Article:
Apple Halts Product Sales in Russia After Ukraine Invasion

Apple have decided to pause all sales of its physical products in Russia amid the invasion of Ukraine, according to a statement.

The tech giant has also opted to limit Apple pay services and news apps, such as RT News and Sputnik News which 'are no longer available for download from the App Store outside Russia'.

Both traffic and live incidents in Apple Maps have also been disabled in Ukraine 'as a safety and precautionary measure for Ukrainian citizens'.

Following an open letter sent to Apple CEO Tim Cook by the Vice Prime Minister of Ukraine, Mykhailo Fedorov, the company decided to take action.
Apple's full statement reads: "We are deeply concerned about the Russian invasion of Ukraine and stand with all of the people who are suffering as a result of the violence.

"We are supporting humanitarian efforts, providing aid for the unfolding refugee crisis, and doing all we can to support our teams in the region.

"We have taken a number of actions in response to the invasion.

"We have paused all product sales in Russia. Last week, we stopped all exports into our sales channel in the country.

"Apple Pay and other services have been limited. RT News and Sputnik News are no longer available for download from the App Store outside Russia.

"And we have disabled both traffic and live incidents in Apple Maps in Ukraine as a safety and precautionary measure for Ukrainian citizens.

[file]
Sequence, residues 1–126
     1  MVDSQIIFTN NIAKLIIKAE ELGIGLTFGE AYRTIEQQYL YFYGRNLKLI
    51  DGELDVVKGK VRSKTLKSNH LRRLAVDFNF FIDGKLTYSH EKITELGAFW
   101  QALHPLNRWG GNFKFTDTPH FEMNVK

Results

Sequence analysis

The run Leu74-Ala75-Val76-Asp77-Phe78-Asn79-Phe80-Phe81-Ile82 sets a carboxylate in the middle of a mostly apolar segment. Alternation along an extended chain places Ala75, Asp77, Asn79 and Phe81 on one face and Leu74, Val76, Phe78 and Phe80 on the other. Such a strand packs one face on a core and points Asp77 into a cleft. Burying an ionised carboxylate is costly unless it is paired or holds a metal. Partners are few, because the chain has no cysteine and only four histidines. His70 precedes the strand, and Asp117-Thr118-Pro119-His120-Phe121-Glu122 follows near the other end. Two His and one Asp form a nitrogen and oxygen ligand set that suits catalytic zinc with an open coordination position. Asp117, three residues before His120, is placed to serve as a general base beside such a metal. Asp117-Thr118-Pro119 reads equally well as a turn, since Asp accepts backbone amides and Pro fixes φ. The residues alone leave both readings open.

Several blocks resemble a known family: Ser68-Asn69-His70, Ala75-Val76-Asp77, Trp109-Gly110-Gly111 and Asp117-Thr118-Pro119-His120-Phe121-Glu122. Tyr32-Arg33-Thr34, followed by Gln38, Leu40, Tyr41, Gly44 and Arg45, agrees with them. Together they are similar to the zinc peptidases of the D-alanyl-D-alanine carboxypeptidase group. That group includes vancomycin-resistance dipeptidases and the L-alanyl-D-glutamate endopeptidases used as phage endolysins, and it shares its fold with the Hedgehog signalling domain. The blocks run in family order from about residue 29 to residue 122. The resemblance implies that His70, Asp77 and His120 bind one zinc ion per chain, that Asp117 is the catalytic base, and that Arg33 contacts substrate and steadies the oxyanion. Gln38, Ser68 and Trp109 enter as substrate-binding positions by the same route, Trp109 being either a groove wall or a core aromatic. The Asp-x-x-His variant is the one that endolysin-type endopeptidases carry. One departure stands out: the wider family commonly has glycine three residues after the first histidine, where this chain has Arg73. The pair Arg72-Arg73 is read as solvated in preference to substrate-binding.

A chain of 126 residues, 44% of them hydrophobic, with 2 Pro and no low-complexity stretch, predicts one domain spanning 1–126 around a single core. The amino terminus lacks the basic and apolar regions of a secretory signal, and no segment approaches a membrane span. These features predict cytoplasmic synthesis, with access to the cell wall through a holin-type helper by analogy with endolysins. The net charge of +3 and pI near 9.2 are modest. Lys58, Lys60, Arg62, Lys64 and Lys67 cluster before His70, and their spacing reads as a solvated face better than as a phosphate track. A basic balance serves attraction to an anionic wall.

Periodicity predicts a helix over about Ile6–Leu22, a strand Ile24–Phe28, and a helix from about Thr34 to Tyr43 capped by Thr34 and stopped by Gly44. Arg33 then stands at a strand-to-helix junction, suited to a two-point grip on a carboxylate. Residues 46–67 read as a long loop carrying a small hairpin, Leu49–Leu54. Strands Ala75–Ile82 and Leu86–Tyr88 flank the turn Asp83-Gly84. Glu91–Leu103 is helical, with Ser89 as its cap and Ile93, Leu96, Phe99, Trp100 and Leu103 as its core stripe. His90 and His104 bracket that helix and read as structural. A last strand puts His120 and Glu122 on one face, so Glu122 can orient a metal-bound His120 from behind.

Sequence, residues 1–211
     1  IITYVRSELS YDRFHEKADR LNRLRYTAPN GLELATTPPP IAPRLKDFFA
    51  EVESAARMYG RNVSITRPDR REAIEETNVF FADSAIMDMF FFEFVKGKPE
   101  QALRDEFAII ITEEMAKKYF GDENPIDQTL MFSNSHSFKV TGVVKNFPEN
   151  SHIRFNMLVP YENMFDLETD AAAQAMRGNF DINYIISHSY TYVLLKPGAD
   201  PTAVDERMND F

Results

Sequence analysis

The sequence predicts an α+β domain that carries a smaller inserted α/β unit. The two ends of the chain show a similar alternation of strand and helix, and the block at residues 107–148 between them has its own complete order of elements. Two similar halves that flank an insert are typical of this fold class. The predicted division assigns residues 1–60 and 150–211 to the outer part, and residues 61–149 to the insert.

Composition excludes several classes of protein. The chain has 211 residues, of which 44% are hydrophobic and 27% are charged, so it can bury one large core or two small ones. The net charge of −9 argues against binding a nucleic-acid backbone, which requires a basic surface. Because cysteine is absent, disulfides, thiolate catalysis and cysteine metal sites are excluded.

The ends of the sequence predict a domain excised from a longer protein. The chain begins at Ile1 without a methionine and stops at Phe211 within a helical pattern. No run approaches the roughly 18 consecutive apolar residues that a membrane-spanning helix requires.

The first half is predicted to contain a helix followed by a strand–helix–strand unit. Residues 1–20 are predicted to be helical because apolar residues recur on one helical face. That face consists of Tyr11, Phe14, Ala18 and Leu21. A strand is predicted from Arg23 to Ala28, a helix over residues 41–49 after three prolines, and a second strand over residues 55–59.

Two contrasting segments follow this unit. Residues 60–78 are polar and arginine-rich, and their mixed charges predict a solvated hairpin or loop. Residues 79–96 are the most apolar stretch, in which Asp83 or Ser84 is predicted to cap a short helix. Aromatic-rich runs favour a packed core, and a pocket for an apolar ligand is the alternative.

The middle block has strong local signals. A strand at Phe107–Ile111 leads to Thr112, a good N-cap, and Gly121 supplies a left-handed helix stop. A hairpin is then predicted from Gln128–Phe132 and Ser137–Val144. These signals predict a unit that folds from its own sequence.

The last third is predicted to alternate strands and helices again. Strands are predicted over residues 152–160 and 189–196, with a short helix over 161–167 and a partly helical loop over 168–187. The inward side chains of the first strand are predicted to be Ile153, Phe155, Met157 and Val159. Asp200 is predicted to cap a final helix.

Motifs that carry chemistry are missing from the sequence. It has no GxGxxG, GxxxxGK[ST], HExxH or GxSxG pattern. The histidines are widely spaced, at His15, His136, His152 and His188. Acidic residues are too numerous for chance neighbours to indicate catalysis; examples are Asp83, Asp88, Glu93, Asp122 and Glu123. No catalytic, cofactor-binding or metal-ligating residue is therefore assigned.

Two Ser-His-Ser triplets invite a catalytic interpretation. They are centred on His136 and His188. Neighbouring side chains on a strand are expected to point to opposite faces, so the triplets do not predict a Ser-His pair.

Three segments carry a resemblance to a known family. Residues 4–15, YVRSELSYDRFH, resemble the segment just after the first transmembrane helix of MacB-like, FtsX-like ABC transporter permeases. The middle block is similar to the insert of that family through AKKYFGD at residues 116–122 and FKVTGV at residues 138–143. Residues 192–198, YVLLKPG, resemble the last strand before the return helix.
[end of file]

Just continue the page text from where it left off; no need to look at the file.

Credit: Alamy
"We will continue to evaluate the situation and are in communication with relevant governments on the actions we are taking.

"We join all those around the world who are calling for peace."

It remains unknown how much of Apple’s estimated 365 billion dollar (£274 billion) annual revenue comes from Russia.

Russian forces escalated their attacks on crowded urban areas in what Ukraine’s leader called a blatant campaign of terror.

“Nobody will forgive. Nobody will forget,” Ukraine’s President Volodymyr Zelensky vowed after the bloodshed on the central square in Kharkiv, the country’s second-largest city, and the deadly bombing of a TV tower in the capital.

A 40-mile convoy of hundreds of Russian tanks and other vehicles advanced slowly on Kyiv, the capital city of nearly three million people.

The invading forces also pressed their assault on other towns and cities, including the strategic ports of Odesa and Mariupol in the south.

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